That launches the series into its main storyline of infiltrating Japan and doing what needs to be done to gather information and discover what's going on. Though it's an ensemble piece at first with the SWORD group rallying around their mission, it quickly turns to more of a single character show as one of the operatives, Vexille, gets separated from everyone and discovers what Japan is really all about. The film is one that proves to be very enjoyable for the view of Japan it provides. The visuals we get of Japan, Tokyo in particular, in 2067 are very interesting and really plays up the utopia feeling that often comes out of their more popular science fiction stories. The dark edge is there with what's going on with the isolation aspect of it as well as the technology but it doesn't go to the levels in a way like Ghost in the Shell. What's most appealing about this film though is that the less you know about it, the more enjoyable it is when SWORD makes it infiltration into the Japan of 2077.
Watching a film like this, I admit that I really enjoy the cel shaded CG style. I was one of the few that came out of a theatrical showing of Appleseed years ago in love with what they did and seeing that as a natural progression of what Square did years earlier with Final Fantasy: The Spirit Within. Vexille really does play in the same field as Appleseed, which isn't a surprise since it's generally the same production crew, but it has a different sense to it due to Sori's direction and a fairly more engaging story rooted in a more connected present. The characters are growing more expressive and the action sequences are incredibly detailed and fluid. This film has far less of a John Woo thing going on with its visual direction which helps to separate it a lot from the Appleseed films. Vexille really does a solid job of standing on its own and it left me wanting more of what it did here. It'll take more time for these films to become more common, but I still see it slowly supplanting more traditional anime films in the years to come.
Vexille has received quite a lot of praise and hype around the world with its various releases into theaters and much of it is well deserved. While there are some plot holes to be found here and there, by and large it is a very enjoyable film that fits perfectly into this kind of visual presentation. It brings about an interesting world where Japan isolates itself and is kept under a cloak of secrecy, and the first third is seeing how the rest of the world is looking at them and treating them. Once it gets into Japan, Vexille takes it up a few notches by playing with a fascinating setting and exploring things in a way that very few films do. While I do wish Vexille had spent a bit more time on the political and social aspects of its isolation and what went on during those ten years, the final film is one that is just a whole lof of fun and kept me fully engaged for the two hours it runs. And it has me extremely excited for the eventual Blu-ray release as a full high definition presentation for both video and audio will take this to a whole other level. Very recommended, especially since it stands alone and doesn't require any kind of serious commitment like a series does.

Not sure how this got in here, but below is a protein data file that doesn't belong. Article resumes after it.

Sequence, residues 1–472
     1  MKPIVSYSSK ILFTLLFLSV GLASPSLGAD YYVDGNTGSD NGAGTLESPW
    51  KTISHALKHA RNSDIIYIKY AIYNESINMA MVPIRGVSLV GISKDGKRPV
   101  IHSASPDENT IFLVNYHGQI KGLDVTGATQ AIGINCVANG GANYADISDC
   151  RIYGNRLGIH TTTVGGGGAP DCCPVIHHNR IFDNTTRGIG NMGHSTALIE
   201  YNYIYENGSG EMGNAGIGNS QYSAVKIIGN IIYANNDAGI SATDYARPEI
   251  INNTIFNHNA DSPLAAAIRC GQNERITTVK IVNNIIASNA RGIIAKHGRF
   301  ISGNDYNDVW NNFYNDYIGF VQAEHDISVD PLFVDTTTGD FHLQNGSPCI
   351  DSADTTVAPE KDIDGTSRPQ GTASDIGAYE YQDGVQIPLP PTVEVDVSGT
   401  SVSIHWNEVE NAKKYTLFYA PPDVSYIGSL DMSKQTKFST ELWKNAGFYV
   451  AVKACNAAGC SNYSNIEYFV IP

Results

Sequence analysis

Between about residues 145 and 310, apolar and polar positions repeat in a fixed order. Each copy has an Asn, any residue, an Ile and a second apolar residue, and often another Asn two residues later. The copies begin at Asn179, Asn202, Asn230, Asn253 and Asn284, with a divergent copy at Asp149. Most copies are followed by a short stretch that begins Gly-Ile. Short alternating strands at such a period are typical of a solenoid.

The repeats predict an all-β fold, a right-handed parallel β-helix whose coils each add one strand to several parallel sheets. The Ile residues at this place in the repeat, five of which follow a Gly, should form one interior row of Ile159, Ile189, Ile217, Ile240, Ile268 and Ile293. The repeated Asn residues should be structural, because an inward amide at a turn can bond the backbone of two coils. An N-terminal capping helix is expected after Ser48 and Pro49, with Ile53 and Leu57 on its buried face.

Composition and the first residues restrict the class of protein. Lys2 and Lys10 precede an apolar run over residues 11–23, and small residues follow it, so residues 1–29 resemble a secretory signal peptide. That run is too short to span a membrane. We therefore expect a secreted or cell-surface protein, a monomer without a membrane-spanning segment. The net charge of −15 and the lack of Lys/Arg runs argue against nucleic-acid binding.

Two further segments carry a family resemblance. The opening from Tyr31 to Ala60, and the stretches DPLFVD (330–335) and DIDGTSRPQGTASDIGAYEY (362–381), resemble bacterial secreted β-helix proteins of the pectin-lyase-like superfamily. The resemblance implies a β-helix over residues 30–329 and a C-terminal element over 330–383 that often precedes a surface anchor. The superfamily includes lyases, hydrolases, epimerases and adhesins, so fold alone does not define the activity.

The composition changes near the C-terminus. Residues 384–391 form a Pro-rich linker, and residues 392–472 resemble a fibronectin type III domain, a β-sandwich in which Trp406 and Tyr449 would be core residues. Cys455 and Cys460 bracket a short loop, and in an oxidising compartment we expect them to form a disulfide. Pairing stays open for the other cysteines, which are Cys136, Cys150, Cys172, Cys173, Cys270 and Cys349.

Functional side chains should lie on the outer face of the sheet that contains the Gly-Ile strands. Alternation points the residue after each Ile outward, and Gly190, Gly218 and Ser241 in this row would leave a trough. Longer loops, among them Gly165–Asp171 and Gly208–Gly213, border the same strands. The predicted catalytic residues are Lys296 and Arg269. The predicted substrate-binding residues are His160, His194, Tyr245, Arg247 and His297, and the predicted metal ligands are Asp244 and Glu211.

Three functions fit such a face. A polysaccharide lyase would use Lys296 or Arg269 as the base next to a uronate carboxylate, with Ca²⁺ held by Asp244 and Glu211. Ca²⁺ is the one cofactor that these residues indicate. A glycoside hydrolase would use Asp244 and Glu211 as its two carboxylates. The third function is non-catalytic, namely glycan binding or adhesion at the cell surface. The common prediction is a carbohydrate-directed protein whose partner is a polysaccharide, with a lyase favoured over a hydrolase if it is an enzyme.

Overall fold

Japanese 5.1 Language,English 5.1 Language,English Subtitles
Sony KDS-R70XBR2 70" LCoS 1080P HDTV, Sony PlayStation3 Blu-ray player via HDMI set to 1080p, Onkyo TX-SR605 Receiver and Panasonic SB-TP20S Multi-Channel Speaker System With 100-Watt Subwoofer.
Mania Grade: A-
Audio Rating: A-
Video Rating: A
Packaging Rating: B+
Menus Rating: B-
Extras Rating: N/A
Age Rating: TV MA
Region: 1 - North America
Released By: FUNimation Entertainment, Ltd.
Running time: 105
Aspect Ratio: 1.78:1 Anamorphic Widescreen
Disc Resolution: 480i/p (mixed/unknown)
Disc Encoding: MPEG-2